House prices are expected to keep soaring but hopes of a "swift" econonic recovery is on the horizon with Treasury tipping border restrictions to start easing in July 2021.
The Government's final financial update of the year shows the COVID-19 shock is expected to have lasting economic impacts, with net core Crown debt expected to reach $190 billion by 2025.
As a percentage of GDP - comparing what the Government owes to what it produces - net core Crown debt is expected to increase in the coming years, peaking at 52.6 percent in 2022/2023, before reducing to 46.9 percent in 2024/2025.
Treasury notes how New Zealand's elimination strategy has resulted in a low prevalence of COVID-19 compared to most other countries and allowed for a "swift" economic recovery.
Although the contraction in the June quarter was the sharpest on record thanks to the strict March-April lockdown - plunging New Zealand into recession - it was "less severe" than expected, "suggesting that the effects of alert level restrictions on economic activity are smaller than previously assumed".
Treasury also highlighted how household spending has contributed to economic growth, but does not expect house prices to fall anytime soon.
It predicts house prices to increase 8.5 percent in 2021, 4.5 percent in 2022, 5.2 percent in 2023, 5.2 percent in 2024 and 5.5 percent in 2025.
"Although a slowdown in house price inflation is still expected, it is now forecast to remain robust throughout the forecast period," the fiscal update reads.
Rising house prices in New Zealand is not a new development and prices were increasing even before the COVID-19 pandemic, but Treasury officials provided an explanation for why it has gotten so bad.
The Government provided billions of dollars in financial support in response to COVID-19. The Reserve Bank also provided further support by keeping borrowing costs low during the Government's response to try and ease unemployment.
As a consequence, the expected returns on various forms of saving shifted, leading to greater interest in relatively riskier assets, such as housing. While returns on comparatively safer assets, such as term deposits, decreased.
Treasury notes that heightened levels of interest from first-home buyers and investors at a time of low inventory of housing are also likely to have supported house price growth.
"House prices have consistently grown faster than incomes since at least the 1990s and house price to income ratios have now increased to around seven times higher than the average incomes in 2020 compared to around six times above average incomes before the Global Financial Crisis."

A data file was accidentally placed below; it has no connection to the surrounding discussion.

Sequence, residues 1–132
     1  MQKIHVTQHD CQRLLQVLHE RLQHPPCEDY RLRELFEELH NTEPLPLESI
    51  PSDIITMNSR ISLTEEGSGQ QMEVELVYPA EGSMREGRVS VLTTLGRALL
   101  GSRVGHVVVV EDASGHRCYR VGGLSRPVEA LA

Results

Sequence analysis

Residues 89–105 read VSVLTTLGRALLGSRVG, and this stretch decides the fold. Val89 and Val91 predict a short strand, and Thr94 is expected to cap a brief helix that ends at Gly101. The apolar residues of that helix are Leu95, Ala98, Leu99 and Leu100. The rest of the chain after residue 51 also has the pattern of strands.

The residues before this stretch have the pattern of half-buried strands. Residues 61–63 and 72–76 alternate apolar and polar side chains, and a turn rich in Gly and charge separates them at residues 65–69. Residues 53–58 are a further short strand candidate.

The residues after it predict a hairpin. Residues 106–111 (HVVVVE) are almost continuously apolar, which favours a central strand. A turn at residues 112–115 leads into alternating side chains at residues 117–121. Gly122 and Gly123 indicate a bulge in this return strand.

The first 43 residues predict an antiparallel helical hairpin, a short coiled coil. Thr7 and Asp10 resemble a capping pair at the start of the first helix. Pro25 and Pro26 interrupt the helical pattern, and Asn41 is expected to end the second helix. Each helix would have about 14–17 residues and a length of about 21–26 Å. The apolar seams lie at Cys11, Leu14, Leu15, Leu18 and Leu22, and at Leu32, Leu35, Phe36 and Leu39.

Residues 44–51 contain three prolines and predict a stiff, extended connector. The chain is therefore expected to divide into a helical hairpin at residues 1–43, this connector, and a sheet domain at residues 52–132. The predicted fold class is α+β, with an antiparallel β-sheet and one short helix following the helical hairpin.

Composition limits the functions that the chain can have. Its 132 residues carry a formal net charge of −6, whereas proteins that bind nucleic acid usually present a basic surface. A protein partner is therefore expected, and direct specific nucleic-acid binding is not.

Finance Minister Grant Robertson said during the update that the Government will be making housing announcements at the beginning of 2021 to try and ease rising house prices on both supply and demand.
Hope on the horizon
Treasury does forecast economic hope on the horizon.
Treasury expects alert level 1 restrictions to remain in place until the end of 2021 and as in the last Pre-election Update (PREFU), Treasury expects the border restrictions to be lifted from January 2022 and restrictions could be eased even earlier from July 2021.
Higher levels of activity over the second quarter has contributed to a more positive fiscal position than expected in the June 2020 quarter, with higher tax revenue and lower net debt than forecast in the Budget update.
Crown tax revenue is forecast to be $16.8 billion higher in the coming years compared to the PREFU update in September.
The unemployment rate is expected to increase further as Government support measures ease and border restrictions remain in place, although how much remains uncertain.
But the unemployment rate forecast has improved. The unemployment rate is forecast to peak at 6.9 percent by the end of 2021, compared to 7.8 percent forecast in PREFU.
Total Jobseeker numbers increased by more than 60,000, to more than 200,000, in the September quarter compared to the same period last year.
Once border restrictions are eased and economic activity continues to recover, the unemployment rate is forecast to fall gradually, reaching 4 percent by 2025.
Employment levels typically increase strongly over the summer months, reflecting increased demand over the holiday period and seasonal demand for labour in the agricultural sector, according to Treasury.
But with the number of international visitors in the country being lower than normal thanks to border restrictions, "less of this is likely to occur".
And while the economy is forecast to grow, this growth is expected to fall short of the growth in available job seekers in the next few quarters.
"A degree of 'scarring' caused by the COVID-19 pandemic on the labour market is still expected, as skills mismatches result in a period of lower labour productivity," Treasury says. "However, there are indications that the degree of 'scarring' is less than previously thought."
Treasury also notes that the economic impacts of COVID-19 have been "disproportionate" across population groups, with Māori and Pacific people, as well as women and Aucklanders due to their second lockdown.
Overall, the Finance Minister is optimistic about New Zealand's position, pointing out that while New Zealand's economy contracted in 2020, it is forecast to rebound strongly in 2021 outperforming regions we compare ourselves to, like the Euro Zone, the UK and Japan.
"Global economic activity is expected to continue to recover over the rest of the forecast period, although the pace of recovery is likely to be uneven as countries contend with renewed virus outbreaks and the resulting containment measures," he said.
"Of course the pandemic is not the only risk to global outlook. Ongoing trade and geopolitical tensions, in particular tensions between China and the United States have the capacity to affect growth and lead to higher levels of volatility."